Hebron, South Hebron Hills, Wed 31.10.12, Morning
Translator: Charles K.
Southern Hebron Hills
We left at 10 AM.
The Meitar checkpoint is empty, except for trucks being inspected.
We drove along Route 317 in order to see how the Israeli settlement of Sussiya was expanding and the terrible situation of the original Palestinian Sussiya. We continued on a new road to A-Tawwani which crosses through the village and connects its two parts. It’s a great improvement, thanks to European funding and the organization of villages in the area, a welcome grassroots initiative.
We met with DOVE members in their office. They told us about themselves and about the organization. It’s interesting that they don’t lack for volunteers, usually young people, some of whom remain for periods of a year or more. They’re “recognized” by the Vatican but not funded by the Holy See. Activists staying for a year or more receive a salary; it’s not clear to us how the organization is funded. They told us that for now the army cooperates in escorting children to school and the trip is relatively peaceful.
We stopped at Nasser’s house next to the excavations, which have now stopped. He erected a pen for goats in the middle of the excavation (which annoyed me because the place is neglected and filthy, apparently on purpose). Nasser said that settlers show up from time to time. He still has no water line (as you remember, that’s how the business with the excavation began), but he has gotten an electric line from the Civil Administration. The village has become widely known; they enjoy international support. Nevertheless, they fear the planned expulsion of eight villages from the area will apply to them as well. The army fenced the village on the southeast in order to create a closed military area and also confiscated vehicles.
We walked down the worshippers route to look at the “temporary” barriers. We entered the Cave of the Patriarchs, which wasn’t any better than it had been when I visited last week, but was now filled with Israeli tourists, most of them secular, praying fervently, as well, of course, as the settlers who live in Hebron who were busy in various activities: prayer, study, eating cake (!) and PR groups. Gwen was pretty shocked. We then went down to the street to the sounds of the fireworks welcoming those returning from Mecca and an obligatory tour along Shuhadeh Street to Tel Rumeida – all the checkpoints were quiet, and next to the booth at Tel Rumeida we saw a heart-warming event: a soldier genially pulled to safety a two-year old child who’d wandered into the road.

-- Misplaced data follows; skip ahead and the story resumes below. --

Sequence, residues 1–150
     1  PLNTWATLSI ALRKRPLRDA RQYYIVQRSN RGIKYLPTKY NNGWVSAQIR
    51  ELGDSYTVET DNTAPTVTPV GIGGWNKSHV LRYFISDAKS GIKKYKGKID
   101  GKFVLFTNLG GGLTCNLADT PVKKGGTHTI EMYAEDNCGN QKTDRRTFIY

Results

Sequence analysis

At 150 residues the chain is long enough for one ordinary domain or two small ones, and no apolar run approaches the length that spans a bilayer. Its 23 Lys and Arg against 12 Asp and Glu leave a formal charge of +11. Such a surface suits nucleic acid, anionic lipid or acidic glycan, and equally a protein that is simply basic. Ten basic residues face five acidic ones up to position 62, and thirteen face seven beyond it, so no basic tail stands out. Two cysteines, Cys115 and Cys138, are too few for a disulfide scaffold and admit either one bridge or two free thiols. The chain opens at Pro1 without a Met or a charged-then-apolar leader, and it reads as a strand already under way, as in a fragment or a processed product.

When we reached the Meitar checkpoint Gwen’s passport was taken for inspection, ostensibly because “there was a problem with it.” She was very concerned, because a few of the volunteers on her project had been expelled from the country, and one hadn’t even been allowed to enter the Jewish State. Gwen felt there was a growing tendency to isolate international activists; she herself had been repeatedly delayed entering Israel. Thanks to our acquaintance with Motti, the checkpoint manager, we went through after a delay of only 30-45 minutes. To M’s (justified) annoyance, they unloaded his vehicle while we were waiting and even put the license plate through the scanner. Considering that we’re talking about a tourist accompanied by two Israelis, the behavior was completely illogical, but that’s the situation. Gwen was very impressed by Machsom Watch’s efficiency!
The Bedouin village of Al-Araqib
From there to Al-Araqib, where we were received warmly; they told Gwen of their many hardships. During our activities in opposition to the occupation we tend to forget the discrimination and dispossession suffered by the Palestinian citizens of Israel, part of the same racist phenomenon, lust for land and being drunk with power that goes far beyond “occupation.”
Muhammad played a very important role in making today a success – far more than simply driving safely and well. He’s a full partner!